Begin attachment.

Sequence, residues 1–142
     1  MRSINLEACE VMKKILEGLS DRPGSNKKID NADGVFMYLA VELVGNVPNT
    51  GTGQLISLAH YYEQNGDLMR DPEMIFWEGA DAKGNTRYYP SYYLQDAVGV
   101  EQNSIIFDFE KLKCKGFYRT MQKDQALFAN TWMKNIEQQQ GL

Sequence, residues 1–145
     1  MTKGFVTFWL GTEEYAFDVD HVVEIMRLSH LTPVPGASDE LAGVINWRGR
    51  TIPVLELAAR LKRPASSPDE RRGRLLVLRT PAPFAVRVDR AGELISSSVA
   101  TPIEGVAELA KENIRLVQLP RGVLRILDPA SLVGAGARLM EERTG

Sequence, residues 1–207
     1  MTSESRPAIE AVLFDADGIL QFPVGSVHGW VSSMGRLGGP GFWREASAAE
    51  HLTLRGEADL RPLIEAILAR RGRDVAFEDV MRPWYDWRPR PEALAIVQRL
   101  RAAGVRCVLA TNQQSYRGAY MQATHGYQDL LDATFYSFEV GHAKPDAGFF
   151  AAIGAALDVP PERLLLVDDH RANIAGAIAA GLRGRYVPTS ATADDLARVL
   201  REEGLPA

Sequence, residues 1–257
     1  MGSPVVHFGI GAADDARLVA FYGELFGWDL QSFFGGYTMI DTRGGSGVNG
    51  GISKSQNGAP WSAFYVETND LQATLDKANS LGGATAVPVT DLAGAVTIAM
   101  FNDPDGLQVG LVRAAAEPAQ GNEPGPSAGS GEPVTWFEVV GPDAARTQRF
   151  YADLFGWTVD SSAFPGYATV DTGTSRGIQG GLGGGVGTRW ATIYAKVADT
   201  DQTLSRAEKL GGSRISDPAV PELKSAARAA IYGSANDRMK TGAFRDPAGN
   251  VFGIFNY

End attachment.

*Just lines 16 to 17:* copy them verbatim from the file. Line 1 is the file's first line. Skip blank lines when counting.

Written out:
     1  MGSPVVHFGI GAADDARLVA FYGELFGWDL QSFFGGYTMI DTRGGSGVNG
    51  GISKSQNGAP WSAFYVETND LQATLDKANS LGGATAVPVT DLAGAVTIAM